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North Korea Crypto Hackers Have A Safe Haven in Mother Russia

As relations between the Russia and North Korean governments continue to cosy up, a Chainalysis investigation has found that since 2021, Russian crypto exchanges have been laundering stolen crypto used to fund the DPRK nuclear arms program.

“Democratic People’s Republic of Korea (DPRK)-linked hacking groups are increasing their use of Russia-based exchanges known to launder illicit crypto assets.”

A Chainalysis investigation revealed on Thursday that $21.9 million of the funds stolen by state-sponsored North Korean hackers, the Lazarus Group, from the Harmony Protocol in 2022 were laundered by Russian crypto exchanges. Furthermore, hacked funds from previous attacks, which Kim Jong Un's government uses to bankroll the nation's nuclear arms program, have been circulating between the two countries since 2021.

Released during the recent summit between the North Korean leader and Vladimir Putin, the report has added to the fears of the international community, already on edge about a possible military agreement being sealed during Kim's current visit.

Hackers of the Democratic People’s Republic of Korea (DPRK) seem to have been busy writing the ultimate cybercrime playbook.

After stealing a record of $1.7 billion in cryptocurrency in 2022 (more than the country's $1.59 billion trade volume of the same period), the U.S. Federal Bureau of Investigation (FBI) issued a warning about the novel ways they are infiltrating companies and waiting for months before launching an insider attack. This year, their attacks have reportedly been ten times larger than those of other actors.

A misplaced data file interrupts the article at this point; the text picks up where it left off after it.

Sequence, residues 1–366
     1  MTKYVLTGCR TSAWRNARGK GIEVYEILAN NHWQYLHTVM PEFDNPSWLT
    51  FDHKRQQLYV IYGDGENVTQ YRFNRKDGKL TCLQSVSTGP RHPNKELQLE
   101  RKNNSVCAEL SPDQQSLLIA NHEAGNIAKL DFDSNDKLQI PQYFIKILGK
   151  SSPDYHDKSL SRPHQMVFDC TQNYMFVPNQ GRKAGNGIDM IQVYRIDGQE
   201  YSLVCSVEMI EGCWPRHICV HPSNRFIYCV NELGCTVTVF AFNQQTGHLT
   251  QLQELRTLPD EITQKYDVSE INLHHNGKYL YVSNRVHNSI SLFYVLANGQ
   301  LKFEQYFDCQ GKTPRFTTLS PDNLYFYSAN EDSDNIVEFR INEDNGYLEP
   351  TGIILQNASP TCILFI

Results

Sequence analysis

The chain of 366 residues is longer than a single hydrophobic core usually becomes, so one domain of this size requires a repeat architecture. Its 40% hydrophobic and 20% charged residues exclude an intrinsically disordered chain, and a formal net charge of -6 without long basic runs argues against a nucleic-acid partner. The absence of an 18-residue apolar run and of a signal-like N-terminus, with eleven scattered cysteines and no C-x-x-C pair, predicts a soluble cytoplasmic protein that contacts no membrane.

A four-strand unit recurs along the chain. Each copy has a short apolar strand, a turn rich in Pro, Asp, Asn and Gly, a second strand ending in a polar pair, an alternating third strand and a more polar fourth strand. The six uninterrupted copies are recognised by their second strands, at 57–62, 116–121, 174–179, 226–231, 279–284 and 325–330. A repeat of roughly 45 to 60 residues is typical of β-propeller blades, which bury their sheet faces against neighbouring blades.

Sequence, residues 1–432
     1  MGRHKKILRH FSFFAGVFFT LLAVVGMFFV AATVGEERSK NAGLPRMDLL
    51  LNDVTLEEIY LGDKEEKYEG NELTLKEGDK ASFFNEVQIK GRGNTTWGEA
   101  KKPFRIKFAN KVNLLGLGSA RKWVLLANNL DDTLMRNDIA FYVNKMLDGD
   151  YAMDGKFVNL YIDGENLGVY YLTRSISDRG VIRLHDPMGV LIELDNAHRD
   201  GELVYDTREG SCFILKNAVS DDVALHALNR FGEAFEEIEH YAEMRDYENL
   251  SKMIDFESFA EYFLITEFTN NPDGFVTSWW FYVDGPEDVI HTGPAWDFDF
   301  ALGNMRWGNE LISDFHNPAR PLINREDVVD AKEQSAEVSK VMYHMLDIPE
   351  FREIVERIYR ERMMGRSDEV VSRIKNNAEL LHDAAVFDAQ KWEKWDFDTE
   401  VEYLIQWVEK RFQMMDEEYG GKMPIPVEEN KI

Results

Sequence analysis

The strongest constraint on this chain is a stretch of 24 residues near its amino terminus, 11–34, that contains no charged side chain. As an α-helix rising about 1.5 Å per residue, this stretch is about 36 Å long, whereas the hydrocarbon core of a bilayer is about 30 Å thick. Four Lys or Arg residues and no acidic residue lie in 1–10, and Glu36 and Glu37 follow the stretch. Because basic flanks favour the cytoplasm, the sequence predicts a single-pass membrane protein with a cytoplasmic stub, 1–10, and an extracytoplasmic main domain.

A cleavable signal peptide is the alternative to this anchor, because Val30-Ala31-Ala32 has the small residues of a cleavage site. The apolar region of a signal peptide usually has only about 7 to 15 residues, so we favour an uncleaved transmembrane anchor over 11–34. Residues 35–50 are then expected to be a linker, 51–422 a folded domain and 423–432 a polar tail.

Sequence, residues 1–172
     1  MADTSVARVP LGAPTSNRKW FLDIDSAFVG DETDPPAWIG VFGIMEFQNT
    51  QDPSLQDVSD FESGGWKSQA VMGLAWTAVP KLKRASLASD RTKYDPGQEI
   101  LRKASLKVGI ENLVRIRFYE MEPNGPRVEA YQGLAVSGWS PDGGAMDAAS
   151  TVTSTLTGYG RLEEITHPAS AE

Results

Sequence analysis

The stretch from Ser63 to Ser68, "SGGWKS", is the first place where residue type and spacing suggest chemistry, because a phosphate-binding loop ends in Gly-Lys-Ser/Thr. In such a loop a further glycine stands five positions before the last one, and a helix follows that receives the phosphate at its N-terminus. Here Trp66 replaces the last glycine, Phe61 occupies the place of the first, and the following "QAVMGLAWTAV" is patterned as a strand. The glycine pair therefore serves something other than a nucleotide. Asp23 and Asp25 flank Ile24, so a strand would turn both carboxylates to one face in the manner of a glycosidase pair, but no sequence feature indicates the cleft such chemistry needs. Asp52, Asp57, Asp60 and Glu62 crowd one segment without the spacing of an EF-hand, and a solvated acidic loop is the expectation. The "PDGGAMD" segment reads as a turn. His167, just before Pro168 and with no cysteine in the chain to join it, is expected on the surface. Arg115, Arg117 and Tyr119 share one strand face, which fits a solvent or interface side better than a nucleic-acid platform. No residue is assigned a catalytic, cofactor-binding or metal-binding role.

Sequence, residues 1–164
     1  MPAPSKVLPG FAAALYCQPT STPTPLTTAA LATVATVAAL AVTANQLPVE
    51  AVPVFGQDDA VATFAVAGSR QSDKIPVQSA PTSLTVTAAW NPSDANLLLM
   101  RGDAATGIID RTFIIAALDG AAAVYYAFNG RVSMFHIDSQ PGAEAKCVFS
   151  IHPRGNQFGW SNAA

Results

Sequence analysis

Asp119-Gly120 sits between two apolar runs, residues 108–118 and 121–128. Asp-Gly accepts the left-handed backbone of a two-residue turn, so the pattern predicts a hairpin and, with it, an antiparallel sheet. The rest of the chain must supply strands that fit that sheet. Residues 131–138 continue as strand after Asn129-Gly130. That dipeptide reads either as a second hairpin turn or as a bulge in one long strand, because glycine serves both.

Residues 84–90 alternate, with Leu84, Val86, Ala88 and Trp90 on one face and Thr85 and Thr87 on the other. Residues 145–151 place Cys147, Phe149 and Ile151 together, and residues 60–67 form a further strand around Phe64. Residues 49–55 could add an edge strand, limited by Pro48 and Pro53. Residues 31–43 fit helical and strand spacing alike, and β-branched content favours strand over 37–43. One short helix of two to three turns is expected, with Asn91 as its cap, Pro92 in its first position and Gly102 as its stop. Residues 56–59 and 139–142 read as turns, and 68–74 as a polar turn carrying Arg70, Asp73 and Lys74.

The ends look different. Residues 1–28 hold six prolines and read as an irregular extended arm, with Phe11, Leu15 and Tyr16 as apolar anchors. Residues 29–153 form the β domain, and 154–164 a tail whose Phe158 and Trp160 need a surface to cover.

North Korean state-funded hackers have been around since the 1980s, and their purpose has always been to enhance the country’s military apparatus, most recently meaning the nuclear arms program.

As Nick Carlsen, intelligence analyst at blockchain analytics firm TRM Labs, explained to CNBC, “Even if that dollar stolen in crypto doesn’t directly go towards the purchase of some component for the nuclear program, it frees up another dollar to support the regime and its programs.”

This is because, over the years, the country’s economy (which has been severely impacted since U.N. sanctions were imposed in 2006) has been transformed to focus on one single axis - the war industry.

Moscow, isolated from the West since the conflict with Ukraine, has been building bridges with unconventional allies who can give it an advantage in its “existential battle” against the West. This would seem to fit perfectly with North Korea, given its ready-to-export arsenal.

Despite there being no official connection between the Kremlin and the cybercrime underground of Russia, the government has a track record of non-cooperation with foreign security agencies when it comes to arresting hackers, as well as a laissez-faire stance on controlling the money laundering crypto-exchanges proliferating right 'above' its nose.

With Kim Jong Un visiting fighter jet and naval plants around Russia, Putin seems keen on making him feel like an esteemed international partner. Moscow then, looks to remain a safe haven for illegal funds to be laundered before powering up Pyongyang's nuclear arms program.